When Jean Yates opened her Westminster store The Mustard Seed in 2003, she said, it was a day of excitement, with balloons filling the front window in celebration.

Now, as she plans to close the doors in mid-June, Yates is filled with gratitude for unexpected rewards she found along the way.


It all began, she said, when she read an article in the Carroll County Times about the only local Christian bookstore closing.

“After much prayer, I felt a calling to open a new one,” she said. “Everything miraculously fell into place as He led me to open The Mustard Seed.”

A former graphic artist, Yates designed the tree that became the store logo.

“I have always loved the parable of the mustard seed and its application to our lives,” she said of why she chose the name. “ ‘I tell you the truth, if you have faith as small as a mustard seed, you can say to this mountain, ‘Move from here to there’ and it will move. Nothing will be impossible for you,’” she recalled the words from Matthew 17:20 in the Bible.

Back then, Yates’ friend Diana Jones helped her set up the store, becoming her first employee. She still works there today. Over the years, the store grew to include five employees and a customer base that extended to several states.

“The customers have been incredibly supportive, with many friendships blossoming,” Yates said. “What I had originally thought was a business fast become a ministry to me and my wonderful and devoted staff. We love our dear customers and have enjoyed getting to know them, praying with them and helping to provide for their specific needs — whether it be a Bible, a gift, [or other items]. It has been such a privilege, joy and blessing in serving.”

Yates’ husband Brad agreed.

Year in Review: TownMall evolves

TownMall of Westminster evolved in 2018, after a change in ownership the previous year, incorporating local businesses, such as the Cob51 art studio and R/C Theatres, which installed reclining seats in the theater.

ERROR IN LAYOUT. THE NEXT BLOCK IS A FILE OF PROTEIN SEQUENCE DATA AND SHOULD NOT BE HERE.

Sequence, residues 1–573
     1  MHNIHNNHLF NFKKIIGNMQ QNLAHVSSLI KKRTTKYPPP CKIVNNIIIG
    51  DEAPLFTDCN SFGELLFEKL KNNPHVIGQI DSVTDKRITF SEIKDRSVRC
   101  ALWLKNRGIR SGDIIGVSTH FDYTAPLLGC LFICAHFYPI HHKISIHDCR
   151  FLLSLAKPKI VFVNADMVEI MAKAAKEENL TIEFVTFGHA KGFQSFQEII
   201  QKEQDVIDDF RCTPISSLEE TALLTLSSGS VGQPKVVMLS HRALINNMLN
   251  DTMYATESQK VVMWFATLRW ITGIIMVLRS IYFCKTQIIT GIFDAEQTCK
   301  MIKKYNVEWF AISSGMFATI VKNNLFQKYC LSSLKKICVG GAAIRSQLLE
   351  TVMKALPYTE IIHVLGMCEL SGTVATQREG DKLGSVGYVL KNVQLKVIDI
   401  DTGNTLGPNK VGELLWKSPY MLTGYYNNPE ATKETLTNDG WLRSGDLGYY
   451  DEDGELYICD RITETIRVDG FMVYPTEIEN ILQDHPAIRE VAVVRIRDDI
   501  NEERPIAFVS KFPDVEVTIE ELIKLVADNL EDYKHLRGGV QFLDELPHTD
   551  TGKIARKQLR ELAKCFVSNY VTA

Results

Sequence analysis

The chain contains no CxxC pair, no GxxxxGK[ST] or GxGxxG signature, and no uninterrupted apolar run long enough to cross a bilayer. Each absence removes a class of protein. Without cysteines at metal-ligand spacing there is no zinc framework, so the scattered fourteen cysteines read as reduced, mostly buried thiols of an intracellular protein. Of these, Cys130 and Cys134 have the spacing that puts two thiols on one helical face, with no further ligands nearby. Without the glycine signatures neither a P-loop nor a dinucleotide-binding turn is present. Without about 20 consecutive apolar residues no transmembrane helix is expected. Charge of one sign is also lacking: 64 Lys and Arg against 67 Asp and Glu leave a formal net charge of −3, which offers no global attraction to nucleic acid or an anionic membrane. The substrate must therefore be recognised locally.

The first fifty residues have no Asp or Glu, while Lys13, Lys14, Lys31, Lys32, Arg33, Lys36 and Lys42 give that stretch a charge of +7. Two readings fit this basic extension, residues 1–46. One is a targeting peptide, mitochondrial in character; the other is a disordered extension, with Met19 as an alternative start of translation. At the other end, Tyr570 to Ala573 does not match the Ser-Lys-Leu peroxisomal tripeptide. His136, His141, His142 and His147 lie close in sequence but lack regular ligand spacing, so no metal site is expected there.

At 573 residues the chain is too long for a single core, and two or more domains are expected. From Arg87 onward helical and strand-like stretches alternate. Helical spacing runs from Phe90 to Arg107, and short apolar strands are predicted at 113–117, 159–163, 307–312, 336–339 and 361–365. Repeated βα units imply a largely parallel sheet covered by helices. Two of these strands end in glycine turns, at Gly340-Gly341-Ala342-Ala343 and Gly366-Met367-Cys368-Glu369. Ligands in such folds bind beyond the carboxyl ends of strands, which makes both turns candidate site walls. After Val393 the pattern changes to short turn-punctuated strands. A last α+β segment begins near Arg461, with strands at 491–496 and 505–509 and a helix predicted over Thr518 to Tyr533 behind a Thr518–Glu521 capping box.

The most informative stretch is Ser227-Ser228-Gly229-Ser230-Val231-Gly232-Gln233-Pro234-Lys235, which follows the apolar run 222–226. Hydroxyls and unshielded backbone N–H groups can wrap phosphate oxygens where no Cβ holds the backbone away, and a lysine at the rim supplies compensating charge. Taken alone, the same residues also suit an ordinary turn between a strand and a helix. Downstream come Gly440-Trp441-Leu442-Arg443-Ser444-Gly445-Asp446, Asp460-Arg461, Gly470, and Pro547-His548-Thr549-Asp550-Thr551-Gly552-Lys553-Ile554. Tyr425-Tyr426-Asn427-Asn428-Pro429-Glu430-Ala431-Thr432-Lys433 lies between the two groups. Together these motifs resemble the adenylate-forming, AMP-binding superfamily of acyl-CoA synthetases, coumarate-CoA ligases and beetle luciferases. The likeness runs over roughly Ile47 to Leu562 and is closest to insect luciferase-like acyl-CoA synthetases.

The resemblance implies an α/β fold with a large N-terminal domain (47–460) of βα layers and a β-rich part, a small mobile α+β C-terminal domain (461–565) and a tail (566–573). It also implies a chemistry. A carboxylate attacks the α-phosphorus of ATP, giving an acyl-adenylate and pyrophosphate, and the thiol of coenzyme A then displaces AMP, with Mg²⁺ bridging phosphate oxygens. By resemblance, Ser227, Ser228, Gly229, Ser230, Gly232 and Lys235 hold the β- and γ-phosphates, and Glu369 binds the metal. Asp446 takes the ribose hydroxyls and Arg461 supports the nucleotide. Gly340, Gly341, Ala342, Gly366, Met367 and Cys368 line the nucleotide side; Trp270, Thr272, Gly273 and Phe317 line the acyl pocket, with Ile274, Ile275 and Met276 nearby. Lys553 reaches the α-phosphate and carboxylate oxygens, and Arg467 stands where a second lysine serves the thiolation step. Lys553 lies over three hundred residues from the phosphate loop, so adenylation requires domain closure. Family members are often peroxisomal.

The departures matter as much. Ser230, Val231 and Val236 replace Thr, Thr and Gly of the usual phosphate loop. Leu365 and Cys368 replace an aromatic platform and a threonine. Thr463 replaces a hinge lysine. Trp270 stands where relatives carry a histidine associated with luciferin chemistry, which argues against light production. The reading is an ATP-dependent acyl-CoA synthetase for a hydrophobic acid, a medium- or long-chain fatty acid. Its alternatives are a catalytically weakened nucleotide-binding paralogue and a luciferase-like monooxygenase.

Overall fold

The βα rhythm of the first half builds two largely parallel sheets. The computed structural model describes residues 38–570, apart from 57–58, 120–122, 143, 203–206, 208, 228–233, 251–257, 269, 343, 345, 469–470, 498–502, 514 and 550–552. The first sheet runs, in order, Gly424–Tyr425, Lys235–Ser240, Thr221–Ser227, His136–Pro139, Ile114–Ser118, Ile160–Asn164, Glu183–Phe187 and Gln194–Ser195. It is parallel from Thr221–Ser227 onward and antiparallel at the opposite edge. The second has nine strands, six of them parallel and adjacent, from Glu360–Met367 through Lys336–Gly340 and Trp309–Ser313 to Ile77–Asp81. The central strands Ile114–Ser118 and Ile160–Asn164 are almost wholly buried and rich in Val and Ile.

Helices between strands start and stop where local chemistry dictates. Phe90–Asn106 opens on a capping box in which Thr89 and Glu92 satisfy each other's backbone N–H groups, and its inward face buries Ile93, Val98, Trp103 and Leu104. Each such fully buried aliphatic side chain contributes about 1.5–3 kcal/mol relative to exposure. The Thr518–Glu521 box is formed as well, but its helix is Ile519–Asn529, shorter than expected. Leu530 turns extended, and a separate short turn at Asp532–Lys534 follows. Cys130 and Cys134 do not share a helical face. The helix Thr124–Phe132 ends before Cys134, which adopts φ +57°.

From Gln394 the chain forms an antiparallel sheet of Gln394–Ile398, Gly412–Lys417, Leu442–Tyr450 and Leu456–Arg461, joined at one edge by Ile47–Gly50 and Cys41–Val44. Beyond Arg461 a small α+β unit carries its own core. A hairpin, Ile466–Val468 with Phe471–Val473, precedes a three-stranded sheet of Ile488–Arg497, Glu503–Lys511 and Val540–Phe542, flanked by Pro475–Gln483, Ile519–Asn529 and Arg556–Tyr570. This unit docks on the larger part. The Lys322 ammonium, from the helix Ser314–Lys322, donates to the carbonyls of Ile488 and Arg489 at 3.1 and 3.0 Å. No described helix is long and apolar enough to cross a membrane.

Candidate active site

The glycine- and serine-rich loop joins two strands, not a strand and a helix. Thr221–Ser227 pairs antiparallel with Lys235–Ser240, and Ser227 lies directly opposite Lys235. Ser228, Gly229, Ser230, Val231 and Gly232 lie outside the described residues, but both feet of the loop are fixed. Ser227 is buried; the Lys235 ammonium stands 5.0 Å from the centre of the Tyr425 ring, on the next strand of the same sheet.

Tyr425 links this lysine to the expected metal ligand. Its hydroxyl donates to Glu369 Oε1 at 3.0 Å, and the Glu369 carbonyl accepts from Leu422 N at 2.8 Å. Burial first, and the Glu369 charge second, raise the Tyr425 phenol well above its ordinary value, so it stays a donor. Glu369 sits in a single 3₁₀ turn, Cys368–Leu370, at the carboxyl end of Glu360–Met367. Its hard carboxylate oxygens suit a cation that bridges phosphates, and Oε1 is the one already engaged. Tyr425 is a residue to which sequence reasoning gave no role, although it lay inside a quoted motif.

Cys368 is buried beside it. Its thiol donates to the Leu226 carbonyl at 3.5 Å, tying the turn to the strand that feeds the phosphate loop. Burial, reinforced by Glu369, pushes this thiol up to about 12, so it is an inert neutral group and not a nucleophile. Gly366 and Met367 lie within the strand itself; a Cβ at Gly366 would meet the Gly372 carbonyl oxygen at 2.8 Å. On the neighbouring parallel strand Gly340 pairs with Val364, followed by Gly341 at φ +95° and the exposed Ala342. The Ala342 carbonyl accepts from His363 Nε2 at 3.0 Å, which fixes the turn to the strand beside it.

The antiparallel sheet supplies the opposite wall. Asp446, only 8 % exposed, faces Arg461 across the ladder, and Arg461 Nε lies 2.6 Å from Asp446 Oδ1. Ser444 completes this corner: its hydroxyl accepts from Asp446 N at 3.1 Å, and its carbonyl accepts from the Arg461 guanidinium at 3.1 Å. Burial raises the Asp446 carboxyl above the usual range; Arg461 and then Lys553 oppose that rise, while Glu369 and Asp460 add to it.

“We’ve prayed for them and with them, right here at the desk” he said. “I’ve been able to discuss Scripture with them and have learned a lot.”

It was just after the store came into her life that Brad also arrived.

“She started the store on October 10 of 2003, and I met her May 11 of 2004,” he said. “I was a physical therapist and had sold my practice. I was working part time in that [field] and part time for nine years at Barnes and Noble, so I knew books.”

After discovering the store and its many unique items, customers faithfully returned again and again.

“I’ve been coming here for maybe 10 years now,” said customer Tracie Wroten as she shopped with her 15-year-old son, Adam. “We look for gifts, for different sacraments, Christmas gifts … usually I am looking for things for other people. It’s sad that they are closing. There’s no one in Carroll County that carries the items they do. We are going to miss having them here.”

Adam echoed her thoughts.

“I have actually been able to find a bunch of CDs here,” he said. “I like Christian music and Christian rock, and they have a good variety.”


Yates said that with the closing of many stores and restaurants also in the mall, and less customers coming in, she’d been praying for direction. Now her life will take a new one.